Luke 23:54 ‘It was the preparation day, and the Sabbath was about to begin. 55] Now the women who had come with Him out of Galilee followed, and saw the tomb and how His body was laid. 56] Then they returned and prepared spices and perfumes. And on the Sabbath they rested according to the commandment.

    John 19:31 ‘Then the Jews, because it was the day of preparation, so that the bodies would not remain on the cross on the Sabbath (for that Sabbath was a high day), asked Pilate that their legs might be broken, and that they might be taken away.

    All four gospels show that Jesus was crucified and died on the preparation day before the Sabbath. That’s the fixed point.

    John 19:14 however, says something a little different.

    John 19:14 ‘Now it was the day of preparation for the Passover; it was about the sixth hour. And he (Pilate) said to the Jews, ”Behold your king!”

    John did not contradict Matthew, Mark or Luke. And he didn’t contradict himself. (John 19:4 contrasted with John 19:31. Sabbath or Passover?)

    The Passover always fell on the 14th day of Nisan. Nisan is the first month of the Jewish year (Lev 23:5). ‘In the first month, on the fourteenth day of the month at twilight is the LORD’S Passover. By Jewish reckoning a new day began at sundown. So at sundown, the thirteenth day became the fourteenth day.

    The Passover was also a preparation day for the Sabbath. But the weekly Saturday Sabbath is not in view here. On the day after Passover, on the 15th day of Nisan, the seven day Feast of Unleavened bread began. The first day of the Feast of Unleavened bread was a special Sabbath and no work was allowed to be done. Leviticus 23:6 ‘Then on the fifteenth day of the same month there is the Feast of Unleavened Bread to the LORD; for seven days you shall eat unleavened bread. 7] On the first day you shall have a holy convocation; you shall not do any laborious work. 8] ‘But for seven days you shall present an offering by fire to the LORD. On the seventh day is a holy convocation; you shall not do any laborious work.’ ”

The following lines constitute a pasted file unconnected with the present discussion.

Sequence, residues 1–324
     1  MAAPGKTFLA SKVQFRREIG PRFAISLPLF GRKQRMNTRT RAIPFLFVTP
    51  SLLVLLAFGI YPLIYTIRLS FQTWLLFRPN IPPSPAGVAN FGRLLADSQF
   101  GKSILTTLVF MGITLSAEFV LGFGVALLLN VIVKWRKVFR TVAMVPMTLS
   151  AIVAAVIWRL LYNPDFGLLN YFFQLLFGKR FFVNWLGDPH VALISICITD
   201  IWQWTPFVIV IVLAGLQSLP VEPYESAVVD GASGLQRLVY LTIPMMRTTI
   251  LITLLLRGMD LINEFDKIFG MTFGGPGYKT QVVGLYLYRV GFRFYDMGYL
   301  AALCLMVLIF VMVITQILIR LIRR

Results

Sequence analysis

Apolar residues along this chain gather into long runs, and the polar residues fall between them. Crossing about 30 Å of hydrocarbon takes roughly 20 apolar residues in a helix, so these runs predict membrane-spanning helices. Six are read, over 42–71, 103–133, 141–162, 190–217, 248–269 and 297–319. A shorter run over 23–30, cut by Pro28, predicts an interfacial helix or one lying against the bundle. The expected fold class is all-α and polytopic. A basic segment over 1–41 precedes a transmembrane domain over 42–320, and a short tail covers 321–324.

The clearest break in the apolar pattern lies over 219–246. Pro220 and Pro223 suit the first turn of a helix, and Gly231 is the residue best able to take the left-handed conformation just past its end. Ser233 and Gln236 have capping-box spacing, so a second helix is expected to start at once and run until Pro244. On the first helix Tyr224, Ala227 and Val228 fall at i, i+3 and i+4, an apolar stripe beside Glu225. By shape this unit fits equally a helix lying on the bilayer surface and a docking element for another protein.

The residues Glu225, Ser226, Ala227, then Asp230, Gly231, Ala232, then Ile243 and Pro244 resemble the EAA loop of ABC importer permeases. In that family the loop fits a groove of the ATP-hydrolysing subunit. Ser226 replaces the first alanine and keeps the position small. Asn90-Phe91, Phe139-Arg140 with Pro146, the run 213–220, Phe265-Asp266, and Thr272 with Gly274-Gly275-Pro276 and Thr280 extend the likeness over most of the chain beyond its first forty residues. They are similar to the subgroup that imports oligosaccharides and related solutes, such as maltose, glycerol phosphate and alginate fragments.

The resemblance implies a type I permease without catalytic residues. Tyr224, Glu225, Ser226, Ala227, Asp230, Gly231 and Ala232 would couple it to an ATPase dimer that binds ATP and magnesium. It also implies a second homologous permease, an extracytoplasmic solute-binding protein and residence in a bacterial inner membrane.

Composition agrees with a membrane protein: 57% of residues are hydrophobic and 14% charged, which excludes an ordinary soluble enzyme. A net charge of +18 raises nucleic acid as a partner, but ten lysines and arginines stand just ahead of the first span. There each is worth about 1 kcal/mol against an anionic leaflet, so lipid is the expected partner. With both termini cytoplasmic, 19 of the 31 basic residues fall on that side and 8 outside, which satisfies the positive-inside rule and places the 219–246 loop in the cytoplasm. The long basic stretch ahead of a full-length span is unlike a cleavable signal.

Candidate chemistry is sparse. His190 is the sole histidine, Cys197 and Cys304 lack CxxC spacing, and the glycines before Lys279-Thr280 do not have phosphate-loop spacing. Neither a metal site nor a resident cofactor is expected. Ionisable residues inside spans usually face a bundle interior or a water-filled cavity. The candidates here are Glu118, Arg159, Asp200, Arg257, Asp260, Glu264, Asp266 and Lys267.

Now, Jesus was crucified on Passover, the 14th day of Nisan. Passover proper. But Passover and the seven day Feast of Unleavened bread were so closely connected that they were often considered as one feast.

    The Bible Knowledge Commentary New Testament, An Exposition of the Scriptures by Dallas Seminary Faculty, p.210 states, ‘The one-day Passover was followed by the seven-day Feast of Unleavened Bread (Ex. 23:15; Lev. 23:4-8; Deut. 16:1-8). The entire eight-day festival was sometimes called the Passover (Luke 22:1, 7; John 19:14; Acts 12:3-4).’

    Luke 22:1 ‘Now the Feast of Unleavened Bread which is called the Passover, was approaching ….7] Then came the first day of Unleavened Bread on which the Passover lamb had to be sacrificed.

    John 19:14 ‘Now it was the day of preparation for the Passover; it was about the sixth hour. And he (Pilate) said to the Jews, ”Behold your King!”

    Now remember from Lev. 23:5-6 that the seven day Feast of Unleavened Bread began on Nisan 15, the day after Passover. Yet as you can see in Luke 22:1,7 the Feast of Unleavened Bread is called Passover. That’s not a contradiction or an error, it’s just that in a popular sense, the entire eight day period from Nisan 14 Passover day, through the seven day Feast of Unleavened Bread ending on Nisan 21 was considered one Feast. At least in a popular sense if not strictly speaking.